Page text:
DETROIT (March 26, 2008) — Ford Motor Co. has agreed to sell its Jaguar and Land Rover operations to India's Tata Motors Ltd. for $2.3 billion.
Ford, however, agreed to infuse $600 million into the Jaguar and Land Rover pension funds after the deal closes around the end of June. The transaction remains subject to various regulatory approvals.
The sale of the two European brands culminates a key part of Ford's ongoing restructuring program, which is expected to improve the company's focus on its core Ford brand.
The final proceeds to Ford will be $1.7 billion after the sale is completed and the pension plans are funded. Ford will retain no ownership stake in the British brands, a company spokesman confirmed March 26.
Most of the Jaguar-Land Rover management team, including CEO Geoff Polites, will transfer with the operation to Tata, a Ford spokesman said.
“Jaguar and Land Rover are terrific brands,” Ford CEO Alan Mulally said in a statement.
“We are confident that they are leaving our fold with the products, plan and team to continue to thrive under Tata's stewardship. Now, it is time for Ford to concentrate on integrating the Ford brand globally.”
As part of the transaction, Ford said it would continue to supply Jaguar and Land Rover “for differing periods” with powertrains, stampings and other vehicle components along with a variety of technologies.
The length of supply arrangements differ depending on the component. Ford declined to say how long the supply arrangements run for specific components.
Ford Motor Credit Co. also will provide financing for Jaguar and Land Rover dealers and customers for up to 12 months.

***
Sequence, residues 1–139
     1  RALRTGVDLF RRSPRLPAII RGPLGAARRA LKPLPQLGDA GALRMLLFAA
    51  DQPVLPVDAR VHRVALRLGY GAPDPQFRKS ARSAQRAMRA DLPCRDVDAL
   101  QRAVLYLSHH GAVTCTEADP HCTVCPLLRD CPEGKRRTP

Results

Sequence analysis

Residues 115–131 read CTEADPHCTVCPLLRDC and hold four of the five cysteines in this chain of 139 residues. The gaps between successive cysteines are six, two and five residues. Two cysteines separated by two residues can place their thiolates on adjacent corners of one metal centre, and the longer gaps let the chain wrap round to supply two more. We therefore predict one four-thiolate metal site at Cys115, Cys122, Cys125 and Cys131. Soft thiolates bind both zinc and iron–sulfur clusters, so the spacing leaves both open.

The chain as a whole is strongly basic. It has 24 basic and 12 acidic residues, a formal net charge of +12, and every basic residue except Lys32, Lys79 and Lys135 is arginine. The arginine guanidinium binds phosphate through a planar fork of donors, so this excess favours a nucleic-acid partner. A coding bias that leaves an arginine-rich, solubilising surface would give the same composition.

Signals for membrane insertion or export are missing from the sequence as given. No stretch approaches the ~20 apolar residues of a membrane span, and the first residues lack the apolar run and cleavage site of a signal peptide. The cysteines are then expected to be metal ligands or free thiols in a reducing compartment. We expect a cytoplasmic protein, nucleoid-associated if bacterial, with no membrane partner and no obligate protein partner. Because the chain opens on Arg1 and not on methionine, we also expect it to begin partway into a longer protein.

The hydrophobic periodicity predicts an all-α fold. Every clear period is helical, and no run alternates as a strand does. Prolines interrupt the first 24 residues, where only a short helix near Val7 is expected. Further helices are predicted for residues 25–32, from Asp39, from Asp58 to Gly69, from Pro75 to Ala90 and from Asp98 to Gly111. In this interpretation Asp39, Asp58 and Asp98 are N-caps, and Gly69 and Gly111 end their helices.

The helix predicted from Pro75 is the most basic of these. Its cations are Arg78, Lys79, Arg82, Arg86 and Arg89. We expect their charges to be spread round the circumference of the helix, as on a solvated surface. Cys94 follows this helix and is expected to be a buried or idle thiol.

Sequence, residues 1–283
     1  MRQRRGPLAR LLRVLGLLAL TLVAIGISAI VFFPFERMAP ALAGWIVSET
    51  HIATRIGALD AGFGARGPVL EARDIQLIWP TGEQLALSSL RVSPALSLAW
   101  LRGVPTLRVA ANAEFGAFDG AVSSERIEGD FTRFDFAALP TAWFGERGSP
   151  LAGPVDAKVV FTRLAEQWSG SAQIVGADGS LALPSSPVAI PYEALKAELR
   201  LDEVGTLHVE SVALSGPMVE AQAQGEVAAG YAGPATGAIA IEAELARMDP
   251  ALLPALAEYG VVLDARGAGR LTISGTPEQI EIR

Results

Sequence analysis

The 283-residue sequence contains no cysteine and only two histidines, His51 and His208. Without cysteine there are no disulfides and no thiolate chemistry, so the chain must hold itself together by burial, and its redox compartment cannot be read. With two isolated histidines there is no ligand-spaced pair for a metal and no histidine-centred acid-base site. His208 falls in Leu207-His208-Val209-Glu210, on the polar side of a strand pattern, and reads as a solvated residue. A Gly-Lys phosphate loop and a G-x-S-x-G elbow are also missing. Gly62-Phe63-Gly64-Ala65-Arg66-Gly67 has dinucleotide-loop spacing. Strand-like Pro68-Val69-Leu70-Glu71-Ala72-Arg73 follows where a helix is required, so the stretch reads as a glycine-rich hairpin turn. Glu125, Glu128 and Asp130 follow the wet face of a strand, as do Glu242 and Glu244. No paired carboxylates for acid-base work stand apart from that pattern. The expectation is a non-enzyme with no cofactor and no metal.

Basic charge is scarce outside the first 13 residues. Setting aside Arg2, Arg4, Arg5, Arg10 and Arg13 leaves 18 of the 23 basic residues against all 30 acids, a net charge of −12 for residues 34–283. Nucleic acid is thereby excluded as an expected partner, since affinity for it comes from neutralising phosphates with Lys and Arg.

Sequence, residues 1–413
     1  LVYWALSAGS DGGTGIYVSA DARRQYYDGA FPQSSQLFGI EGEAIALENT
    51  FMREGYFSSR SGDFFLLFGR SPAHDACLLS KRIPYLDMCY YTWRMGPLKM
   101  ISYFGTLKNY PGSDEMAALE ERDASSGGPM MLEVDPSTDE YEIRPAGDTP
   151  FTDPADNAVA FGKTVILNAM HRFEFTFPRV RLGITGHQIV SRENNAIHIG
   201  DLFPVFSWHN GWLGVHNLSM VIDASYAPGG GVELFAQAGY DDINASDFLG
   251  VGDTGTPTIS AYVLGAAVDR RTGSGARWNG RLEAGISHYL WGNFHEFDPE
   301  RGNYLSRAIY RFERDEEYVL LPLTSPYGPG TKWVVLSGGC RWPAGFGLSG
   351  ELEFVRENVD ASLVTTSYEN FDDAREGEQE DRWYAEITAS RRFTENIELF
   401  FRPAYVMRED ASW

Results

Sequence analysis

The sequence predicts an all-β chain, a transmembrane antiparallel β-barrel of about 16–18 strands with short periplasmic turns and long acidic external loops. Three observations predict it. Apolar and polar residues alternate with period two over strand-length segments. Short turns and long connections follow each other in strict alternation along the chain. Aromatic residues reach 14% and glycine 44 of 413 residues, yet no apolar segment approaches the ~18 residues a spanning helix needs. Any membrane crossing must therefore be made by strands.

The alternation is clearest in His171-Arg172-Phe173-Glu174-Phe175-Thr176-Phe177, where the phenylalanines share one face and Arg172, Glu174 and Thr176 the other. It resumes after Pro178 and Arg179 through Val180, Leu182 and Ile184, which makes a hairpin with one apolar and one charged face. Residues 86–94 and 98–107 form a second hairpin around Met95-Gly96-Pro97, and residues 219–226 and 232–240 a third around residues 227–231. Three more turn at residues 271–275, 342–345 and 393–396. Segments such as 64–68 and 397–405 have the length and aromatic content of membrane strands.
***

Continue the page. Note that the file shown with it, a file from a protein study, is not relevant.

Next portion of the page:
Ford and Tata said they don't expect any significant changes to Jaguar and Land Rover employees' terms of employment on completion.
“We have enormous respect for the two brands and will endeavor to preserve and build on their heritage and competitiveness, keeping their identities intact,” Tata Chairman Ratan Tata said in a statement.
“We aim to support their growth, while holding true to our principles of allowing the management and employees to bring their experience and expertise to bear on the growth of the business,” he added.
Tata, India's top vehicle maker, has been in talks with Ford since it was chosen as the frontrunner to buy Jaguar and Land Rover a few days into 2008.
Tata is pursuing the deal to gain a substantial foothold outside India.
But analysts have questioned how Tata will incorporate the luxury brands into its stable of sturdy trucks and functional passenger cars, including the Nano, the world's cheapest car, which it unveiled in January.
While Land Rover has generated three years of record sales with its sport-utility vehicles, the fit of Jaguar is far less clear. Ford—which lost $2.7 billion in 2007 and $12.6 billion in 2006—is selling off Jaguar and Land Rover to focus on turning around its loss-making operations in North America.
The sale will include a commitment by Tata to continue buying engines from Ford, according to trade unions.
All Jaguar and Land Rover gasoline engines are built in a Ford plant in South Wales, supporting hundreds of jobs there. Diesel engines come from Ford's factory in Dagenham, east London.